- The head of the Chinese lunar-exploration program recently described space as if it were the South China Sea, an area Beijing has seized with force and militarized after wrecking the environment to build new islands.
- The US is the only power strong enough to stop Beijing in the South China Sea — or in space.
- Space is full of chokepoints and strategic locations that China could pin down and establish control of.
- The US is locked in a fight to maintain an edge on China to keep space free and open.
- Turkish President Recep Tayyip Erdogan has been threatening to leave NATO and the West behind for a long time, but he really doesn't have other good options.
- Turkey engages in several behaviors that the rest of NATO finds unhelpful or downright toxic.
- US President Donald Trump's sanctions on Turkey have tanked its economy — but instead of making good on the threats to walk, Turkey is holding on for dear life.
- Turkey's economy has been poorly managed and relies on huge influxes of cash, which other potential allies like Russia or Iran just can't provide.
- President Trump's long-desired military parade is now expected to cost $80 million more than expected, CNBC reported Thursday.
- Congress has already authorized the parade, which is slated to take place on November 10 in Washington.
- Iran drew widespread ridicule when it revealed that its supposedly "state of the art" and domestically designed and built "Kowsar" jet fighter was really a 1970s US design with a fresh coat of paint.
- But inside reports indicate that the F-5 was just a placeholder and that Iran's working on a new trainer/light attack aircraft that could save its air force.
- Iran is poor and has only a few older jets from the US and Russia — and on top of that, it doesn't have a good domestic pilot-training program.
- But by creating such a program, Iran has focused on an area its Gulf Arab rivals have neglected and could make its force powerful long into the future.
- Russia has positioned a considerable naval armada in the Mediterranean near Syria after accusing the US of plotting a false flag chemical weapons attack in the country.
- International investigators link Syria's Moscow-backed government as carrying out dozens of deadly chemical weapons attacks on civilians, but Russia accuses US-linked forces of secretly conducting these same attacks.
- But Russia's massive navy buildup in the Syria can't actually stop the US from attacking.
- If Russia did counter attack US Navy ships firing on Syria, the US would likely crush them in short order.
- Instead, Russia will probably just keep up the propaganda effort, which includes ship deployments.
- The US Navy hit a major milestone in its quest to make aircraft carriers a more deadly with F-35Cs training alongside current fighter jets.
- The F-35C has had a long, costly production, but now promises to revolutionize naval aviation as the first carrier-launched stealth fighter.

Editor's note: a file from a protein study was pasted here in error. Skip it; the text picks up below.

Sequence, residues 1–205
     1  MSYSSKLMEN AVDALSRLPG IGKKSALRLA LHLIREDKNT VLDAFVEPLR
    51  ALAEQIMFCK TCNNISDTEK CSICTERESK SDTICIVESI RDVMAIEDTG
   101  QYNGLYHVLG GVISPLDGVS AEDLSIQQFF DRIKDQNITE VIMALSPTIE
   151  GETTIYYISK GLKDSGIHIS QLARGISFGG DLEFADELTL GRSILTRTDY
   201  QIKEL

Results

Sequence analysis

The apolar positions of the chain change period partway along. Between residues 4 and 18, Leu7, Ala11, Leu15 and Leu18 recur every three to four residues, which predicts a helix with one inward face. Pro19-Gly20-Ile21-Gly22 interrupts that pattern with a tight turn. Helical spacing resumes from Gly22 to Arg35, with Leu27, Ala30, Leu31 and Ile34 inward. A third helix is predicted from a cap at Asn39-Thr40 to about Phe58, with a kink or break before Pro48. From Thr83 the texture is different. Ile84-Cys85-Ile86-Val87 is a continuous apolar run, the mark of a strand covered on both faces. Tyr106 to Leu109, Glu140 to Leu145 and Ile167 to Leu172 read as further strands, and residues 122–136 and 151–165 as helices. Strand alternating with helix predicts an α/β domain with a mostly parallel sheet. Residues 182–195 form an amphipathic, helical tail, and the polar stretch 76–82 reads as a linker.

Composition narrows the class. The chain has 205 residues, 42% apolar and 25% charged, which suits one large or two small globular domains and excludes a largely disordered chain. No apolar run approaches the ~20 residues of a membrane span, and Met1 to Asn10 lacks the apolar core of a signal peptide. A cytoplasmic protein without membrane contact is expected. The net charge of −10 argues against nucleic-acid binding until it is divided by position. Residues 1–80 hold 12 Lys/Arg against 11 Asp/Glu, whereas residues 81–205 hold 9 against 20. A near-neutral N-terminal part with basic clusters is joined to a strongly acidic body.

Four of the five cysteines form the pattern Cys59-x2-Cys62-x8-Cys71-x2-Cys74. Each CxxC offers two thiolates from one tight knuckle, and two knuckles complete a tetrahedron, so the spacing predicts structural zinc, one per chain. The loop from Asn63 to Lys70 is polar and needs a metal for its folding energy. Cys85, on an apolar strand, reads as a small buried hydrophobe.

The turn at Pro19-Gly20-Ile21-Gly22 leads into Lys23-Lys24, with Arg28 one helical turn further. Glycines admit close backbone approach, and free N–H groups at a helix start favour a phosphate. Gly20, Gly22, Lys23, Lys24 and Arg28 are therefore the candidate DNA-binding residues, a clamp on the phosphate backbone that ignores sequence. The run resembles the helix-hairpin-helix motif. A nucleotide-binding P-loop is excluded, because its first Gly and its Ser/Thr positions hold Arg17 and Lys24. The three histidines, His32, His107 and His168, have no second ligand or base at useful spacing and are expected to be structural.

- The F-35C networks with US Navy ships, allowing it to spot targets and direct ship-launched missiles to destroy targets without ever firing a shot of its own.
- A video from the US Naval Institute's news service shows the jets in operation alongside each other.
- President Donald Trump and North Korean leader Kim Jong Un are still on polite terms, but the US and Pyongyang have recently floated the idea of resuming hostilities.
- Trump reportedly made a verbal promise to Kim that he'd end the Korean war, but hasn't come through.
- North Korea said it could resume missile testing if the US doesn't move on a peace process.
- Trump and Secretary of Defense Jim Mattis said the US could go back to military drills, this time bigger than ever before.
- It seems that shaky, unwritten understandings between Kim and Trump are all that's keeping the US and North Korea from their fiercest-ever confrontation.
- Russia and China, the two foremost threats to the US named in official Pentagon reports, will carry out their biggest-ever military drill to reportedly include simulations for nuclear warfare.
- Russia, the world's largest nuclear power, and China, another long-established nuclear power, have often clashed in the past and still hold many contradictory goals, but have become main targets of the US.
- But Russia and China have deep differences in nuclear philosophy, so it's unclear how the pair will work together.
- China's first domestically-built carrier hit the waves recently, boosting its naval power as it increasingly rivals the US.
- China, Russia, India, Thailand, the UK, France, and a host of other European powers all boast aircraft carriers, but they're not all made equal.
- This post examines the major categories and nationalities of aircraft carriers and weighs their combat power side by side.
- Russian President Vladimir Putin became enraged and conspicuously blundered during the 2015 Minsk Agreement talks with Ukraine, according to a book by former French President Francois Hollande.
- Russia illegally annexed Crimea from Ukraine in 2014.
- The US, the European Union, and other observers say Russia has slyly used troops posing as Ukrainian separatists to stoke a war there for years.